Smart, inventive and savvy, these Australian innovators are making a tangible difference to our everyday lives.
Smart, inventive and savvy, these Australian innovators are making a tangible difference to our lives.
It’s a magical time for innovation, as most of us would agree. The theme of the 2016 Geneva World Economic Forum was the “Fourth Industrial Revolution”, with forum chairman Klaus Schwab stating that the “speed of current breakthroughs has no historical precedent”.
The world we live in is one of infinite change, and it’s a time where it’s not only applauded but also deemed cool to be a disrupter, feather ruffler, re-shaper, problem-solver or tinkerer. And as with all bold movements, which often feel divorced from our daily lives, there is a trickle-down effect, one that does impact upon the way we live.
You don’t have to look far to see examples of this right now: seamless swimsuits that melt into curves, skin balms that streamline beauty regimens and apps that monitor everything from the way medicine is administered to fertility windows. Thinkers and inventors who question the how, what and when of everything we do are all around us.
To follow, a new force of wonder-women innovators who are transforming our everyday.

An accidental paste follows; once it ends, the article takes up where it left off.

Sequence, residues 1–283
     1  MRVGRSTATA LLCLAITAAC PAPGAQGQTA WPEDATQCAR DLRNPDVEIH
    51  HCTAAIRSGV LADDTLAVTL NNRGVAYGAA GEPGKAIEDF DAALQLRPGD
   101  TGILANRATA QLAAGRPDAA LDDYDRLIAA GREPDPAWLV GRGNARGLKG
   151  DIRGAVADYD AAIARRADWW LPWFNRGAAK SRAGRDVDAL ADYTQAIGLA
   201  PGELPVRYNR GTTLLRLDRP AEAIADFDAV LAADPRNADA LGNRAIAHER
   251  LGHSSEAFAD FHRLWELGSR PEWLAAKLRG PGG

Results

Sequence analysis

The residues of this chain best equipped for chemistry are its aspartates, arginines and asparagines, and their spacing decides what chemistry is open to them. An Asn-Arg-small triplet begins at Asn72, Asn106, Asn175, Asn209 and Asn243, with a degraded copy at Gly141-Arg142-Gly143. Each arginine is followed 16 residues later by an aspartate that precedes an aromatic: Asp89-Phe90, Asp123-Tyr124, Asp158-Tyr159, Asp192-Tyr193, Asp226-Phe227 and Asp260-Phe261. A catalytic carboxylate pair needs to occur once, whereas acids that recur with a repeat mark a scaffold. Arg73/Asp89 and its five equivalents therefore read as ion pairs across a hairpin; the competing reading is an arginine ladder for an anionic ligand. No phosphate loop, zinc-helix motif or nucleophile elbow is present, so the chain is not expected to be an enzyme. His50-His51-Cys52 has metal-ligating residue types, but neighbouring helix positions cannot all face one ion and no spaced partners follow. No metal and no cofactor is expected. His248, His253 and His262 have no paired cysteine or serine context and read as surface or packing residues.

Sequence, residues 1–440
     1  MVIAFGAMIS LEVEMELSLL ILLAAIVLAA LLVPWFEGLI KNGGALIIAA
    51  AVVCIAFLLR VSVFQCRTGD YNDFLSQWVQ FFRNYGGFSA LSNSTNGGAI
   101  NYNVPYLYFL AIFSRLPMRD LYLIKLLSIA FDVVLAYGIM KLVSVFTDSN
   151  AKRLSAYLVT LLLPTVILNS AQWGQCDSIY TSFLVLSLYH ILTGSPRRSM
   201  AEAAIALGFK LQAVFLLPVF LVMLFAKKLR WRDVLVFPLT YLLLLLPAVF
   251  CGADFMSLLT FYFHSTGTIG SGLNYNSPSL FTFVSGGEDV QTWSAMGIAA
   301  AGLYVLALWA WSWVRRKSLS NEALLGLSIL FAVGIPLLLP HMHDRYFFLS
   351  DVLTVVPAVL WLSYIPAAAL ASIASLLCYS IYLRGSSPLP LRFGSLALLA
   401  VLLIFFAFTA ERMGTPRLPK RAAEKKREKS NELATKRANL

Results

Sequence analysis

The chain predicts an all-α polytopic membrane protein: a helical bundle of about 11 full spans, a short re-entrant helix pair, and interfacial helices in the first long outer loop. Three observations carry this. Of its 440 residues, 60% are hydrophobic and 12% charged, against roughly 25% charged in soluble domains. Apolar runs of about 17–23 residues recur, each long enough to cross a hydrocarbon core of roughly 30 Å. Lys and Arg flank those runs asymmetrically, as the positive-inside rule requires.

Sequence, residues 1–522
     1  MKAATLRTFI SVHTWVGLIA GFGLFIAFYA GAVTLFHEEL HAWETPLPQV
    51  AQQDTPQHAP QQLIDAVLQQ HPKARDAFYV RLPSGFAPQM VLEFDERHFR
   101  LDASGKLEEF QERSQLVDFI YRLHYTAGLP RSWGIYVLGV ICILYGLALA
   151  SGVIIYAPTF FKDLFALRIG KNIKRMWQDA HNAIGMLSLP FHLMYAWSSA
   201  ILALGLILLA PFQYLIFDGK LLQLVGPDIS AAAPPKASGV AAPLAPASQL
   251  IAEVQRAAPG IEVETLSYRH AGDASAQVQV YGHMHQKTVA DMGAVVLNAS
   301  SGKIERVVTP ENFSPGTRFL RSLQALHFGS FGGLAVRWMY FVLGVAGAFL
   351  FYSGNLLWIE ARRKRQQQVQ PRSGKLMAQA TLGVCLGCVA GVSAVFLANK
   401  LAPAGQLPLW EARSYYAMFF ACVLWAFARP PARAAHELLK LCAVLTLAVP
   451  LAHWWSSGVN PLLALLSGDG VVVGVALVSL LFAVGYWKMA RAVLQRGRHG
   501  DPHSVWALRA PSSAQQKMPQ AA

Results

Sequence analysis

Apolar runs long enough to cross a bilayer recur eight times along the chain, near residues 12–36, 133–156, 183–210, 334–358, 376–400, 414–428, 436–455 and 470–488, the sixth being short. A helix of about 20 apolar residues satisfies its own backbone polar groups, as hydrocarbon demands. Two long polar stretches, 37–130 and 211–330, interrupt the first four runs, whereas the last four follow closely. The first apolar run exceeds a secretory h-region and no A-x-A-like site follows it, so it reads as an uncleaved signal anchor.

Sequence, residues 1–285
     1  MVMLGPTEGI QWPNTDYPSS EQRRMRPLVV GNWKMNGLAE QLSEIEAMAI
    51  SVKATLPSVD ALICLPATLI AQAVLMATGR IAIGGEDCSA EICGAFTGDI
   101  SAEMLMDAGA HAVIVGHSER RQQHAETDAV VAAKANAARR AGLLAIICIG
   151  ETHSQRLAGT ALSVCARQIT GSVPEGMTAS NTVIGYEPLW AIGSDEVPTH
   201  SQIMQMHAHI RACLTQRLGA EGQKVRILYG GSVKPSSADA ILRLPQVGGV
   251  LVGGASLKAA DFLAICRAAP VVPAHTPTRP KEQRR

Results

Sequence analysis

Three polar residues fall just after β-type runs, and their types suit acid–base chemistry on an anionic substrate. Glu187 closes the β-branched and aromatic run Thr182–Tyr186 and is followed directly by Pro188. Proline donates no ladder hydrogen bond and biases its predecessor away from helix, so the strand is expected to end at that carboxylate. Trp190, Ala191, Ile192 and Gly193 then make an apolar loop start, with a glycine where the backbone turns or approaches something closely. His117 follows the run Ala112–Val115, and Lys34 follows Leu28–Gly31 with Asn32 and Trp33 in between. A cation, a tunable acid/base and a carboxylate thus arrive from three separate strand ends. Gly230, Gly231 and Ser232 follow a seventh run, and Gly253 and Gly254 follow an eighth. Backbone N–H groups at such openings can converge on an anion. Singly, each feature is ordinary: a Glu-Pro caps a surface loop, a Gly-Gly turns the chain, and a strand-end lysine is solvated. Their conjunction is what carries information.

Creator of Respia and 2016 global runner-up in the James Dyson Award For some, the ability to generate ideas must be ingrained at a cellular level. At just 22, Katherine Kawecki has already conquered what many industrial designers hope to achieve in an entire career by having her resourceful design, Respia, recognised both nationally and on the international stage.
What started out as a university project evolved into a marketable product: an asthma management system combining a Bluetooth-enabled inhaler with a wearable patch that tracks users’ respiratory health and streamlines the way medication is administered. “It’s designed to help people my age, young adults, to better understand and engage with their asthma,” says the Sydney-based industrial design graduate, who is an asthmatic herself.
Last year, Kawecki was honoured as one of two runners-up in the 2016 James Dyson Award for her invention, an apt outcome given a previous winner of the award had motivated her to pursue her field of study in the first place. “I went to the Powerhouse Museum and saw one of that year’s winners speaking and it inspired me to consider it [industrial design] as a degree,” she remembers.
Just five years on from that time and Kawecki would be receiving the nod of approval from Dyson himself, who remains one of her greatest influences. “The way he designs something – a hair dryer, a vacuum cleaner – it completely disrupts and revolutionises the market,” she says.